Website Numbers courses


Charlotte Funk (CAS’12) (from left), Angela Park (CAS’13), Poorva Bhade (CAS’13), and Crystal Choe (CAS’12) take core samples from trees along Bay State Road to measure tree ring width. The students in the Biology of Global Change course are hoping to learn how climate has affected the trees’ growth. Photo by Cydney Scott

Students at Boston University have diverse educational opportunities related to sustainability in undergraduate, graduate, doctoral, and special degree programs offered through 11 of Boston University’s 17 schools and colleges. These opportunities include a broad range of courses on topics such as sustainable energy, climate change, and environmental history, and degree programs that prepare students for careers and graduate schools in fields related to sustainability.


There are 114 sustainability courses and 123 courses that include sustainability offered at Boston University. These courses are catalogued using the definitions developed by the Association for the Advancement of Sustainability for Higher Education and are distinguishable by the leaf to the left of each course listed:

Sustainability courses concentrate on the concept of sustainability, including its social, economic, and environmental dimensions, or examine an issue or topic using sustainability as a lens.

Sustainability-related courseInclude sustainability incorporate sustainability as a distinct course component or module or concentrate on a single sustainability principle or issue.

For detailed descriptions, refer to the University Class Schedule on StudentLink.

Certificate Programs

College of Engineering

Metropolitan College


Degree Programs

College of Arts and Sciences

Department of Earth and Environment

Department of International Relations

Department of Biology

Boston University Marine Program (BUMP)

School of Public Health

Department of Environmental Health

College of Engineering

Department of Mechanical Engineering

Division of Materials Science and Engineering


Study Abroad Programs

Venice Environmental Studies Program

BU’s Venice Environmental Studies Summer Program offers students a chance to spend six weeks in Venice, Italy, exploring a variety of critical issues related to climate change. Located in a city frequently cited in heated debates about the impacts of climate change, the program includes two complementary courses introducing the main processes driving change in the Venice lagoon and examining the scientific, economic and social challenges faced by the international community in developing and implementing policies to address the impacts of climate change. The dual focus of the program examines both the scientific underpinnings of climate change and sea level rise, and their effects on the economy and society. What types of policies are likely to be effective in addressing the impact of climate change, both on humans and on the environment? The curriculum uses the history of the Venice lagoon, as well as its more recent modifications, to illustrate the issues connected with human-driven changes in coastal bays and estuaries, sea level rise, and natural environmental dynamics.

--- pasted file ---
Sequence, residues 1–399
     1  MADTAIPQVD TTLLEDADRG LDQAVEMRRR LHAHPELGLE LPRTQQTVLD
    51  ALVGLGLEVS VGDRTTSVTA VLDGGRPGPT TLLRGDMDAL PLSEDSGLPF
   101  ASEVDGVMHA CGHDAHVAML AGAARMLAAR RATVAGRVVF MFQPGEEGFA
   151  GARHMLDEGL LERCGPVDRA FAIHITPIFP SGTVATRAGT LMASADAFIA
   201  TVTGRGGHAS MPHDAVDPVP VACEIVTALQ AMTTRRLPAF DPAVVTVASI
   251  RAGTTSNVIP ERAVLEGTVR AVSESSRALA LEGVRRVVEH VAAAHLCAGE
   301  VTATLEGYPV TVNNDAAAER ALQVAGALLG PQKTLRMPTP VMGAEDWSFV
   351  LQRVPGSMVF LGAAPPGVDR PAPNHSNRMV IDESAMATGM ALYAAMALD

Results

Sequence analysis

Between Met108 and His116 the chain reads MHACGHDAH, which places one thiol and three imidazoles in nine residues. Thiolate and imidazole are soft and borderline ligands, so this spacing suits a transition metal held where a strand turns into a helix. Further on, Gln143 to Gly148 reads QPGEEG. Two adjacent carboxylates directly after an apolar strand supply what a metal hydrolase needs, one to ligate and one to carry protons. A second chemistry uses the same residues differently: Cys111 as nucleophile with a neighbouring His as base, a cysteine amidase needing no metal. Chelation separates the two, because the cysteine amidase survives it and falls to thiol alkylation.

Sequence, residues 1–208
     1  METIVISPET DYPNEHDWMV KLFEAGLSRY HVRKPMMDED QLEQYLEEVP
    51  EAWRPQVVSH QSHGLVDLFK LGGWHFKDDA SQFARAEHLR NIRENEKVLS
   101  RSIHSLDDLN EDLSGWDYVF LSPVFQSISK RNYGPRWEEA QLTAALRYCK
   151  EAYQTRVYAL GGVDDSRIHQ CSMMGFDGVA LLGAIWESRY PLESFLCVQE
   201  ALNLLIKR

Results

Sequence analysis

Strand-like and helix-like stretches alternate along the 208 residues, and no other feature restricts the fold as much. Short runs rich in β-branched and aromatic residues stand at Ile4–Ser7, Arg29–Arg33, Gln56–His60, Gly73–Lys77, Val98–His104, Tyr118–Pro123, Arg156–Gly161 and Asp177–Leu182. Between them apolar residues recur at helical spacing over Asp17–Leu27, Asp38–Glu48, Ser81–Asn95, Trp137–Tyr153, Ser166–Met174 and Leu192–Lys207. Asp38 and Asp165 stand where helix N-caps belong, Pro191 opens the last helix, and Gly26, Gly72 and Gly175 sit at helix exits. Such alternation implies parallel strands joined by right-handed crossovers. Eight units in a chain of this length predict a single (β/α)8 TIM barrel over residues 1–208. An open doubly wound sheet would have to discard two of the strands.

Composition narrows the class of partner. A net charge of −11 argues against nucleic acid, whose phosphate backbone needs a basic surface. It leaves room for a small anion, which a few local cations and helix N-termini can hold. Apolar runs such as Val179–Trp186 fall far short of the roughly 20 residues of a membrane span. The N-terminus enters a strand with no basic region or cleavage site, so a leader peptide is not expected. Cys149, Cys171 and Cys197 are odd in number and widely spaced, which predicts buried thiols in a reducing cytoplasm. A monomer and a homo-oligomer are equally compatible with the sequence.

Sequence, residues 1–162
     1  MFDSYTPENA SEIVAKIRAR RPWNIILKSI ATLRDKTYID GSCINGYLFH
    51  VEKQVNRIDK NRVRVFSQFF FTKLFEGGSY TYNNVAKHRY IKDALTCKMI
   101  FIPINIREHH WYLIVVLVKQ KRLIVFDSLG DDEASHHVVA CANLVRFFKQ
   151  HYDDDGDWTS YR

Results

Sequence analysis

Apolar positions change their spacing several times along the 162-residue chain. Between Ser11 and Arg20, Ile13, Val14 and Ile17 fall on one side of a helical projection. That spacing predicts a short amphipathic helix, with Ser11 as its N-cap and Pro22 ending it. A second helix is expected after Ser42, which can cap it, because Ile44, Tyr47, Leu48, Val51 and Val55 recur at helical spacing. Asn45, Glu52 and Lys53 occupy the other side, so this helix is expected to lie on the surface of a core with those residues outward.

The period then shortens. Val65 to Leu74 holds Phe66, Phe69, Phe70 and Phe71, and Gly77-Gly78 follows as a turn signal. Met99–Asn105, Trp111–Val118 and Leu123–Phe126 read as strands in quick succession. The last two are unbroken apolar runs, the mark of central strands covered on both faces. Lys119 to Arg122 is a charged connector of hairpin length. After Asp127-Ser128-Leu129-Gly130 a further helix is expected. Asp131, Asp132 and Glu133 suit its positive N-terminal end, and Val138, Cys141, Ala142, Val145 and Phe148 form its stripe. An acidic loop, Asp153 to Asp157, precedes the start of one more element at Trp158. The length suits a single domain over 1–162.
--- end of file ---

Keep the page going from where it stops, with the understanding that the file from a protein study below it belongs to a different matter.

Washington, DC Internship Program

Students live and work as an intern in the policy-making atmosphere of the nation’s capital for a semester through the Washington, D.C., Internship Program. Students take courses in policy-making that give them an insider’s look at how policies are formulated in the federal government. Possible internships with congressional committees, the executive branch, or non-profit groups provide practical experience.

Lima: Contemporary Politics Program

Students who take part in BU’s Contemporary Politics Program in Lima, Peru spend three and-a-half weeks living with local Peruvian families as students at a local university, investigating the political implications of natural resource extraction in Peru and the Andes. Why has natural resource extraction often brought economic stagnation, political turmoil, significant social unrest, and environmental degradation? Students engage directly with Peruvian students, scholars and various agencies and organizations with a stake in the resource extraction debate to examine the political factors surrounding the “resource curse”—the fact that abundant natural resources often lead to negative developmental outcomes.

BU students also have the option of benefiting from BU’s affiliation with The School of Field Studies, which offers multiple sustainability focused and related study abroad programs.


Comments are closed.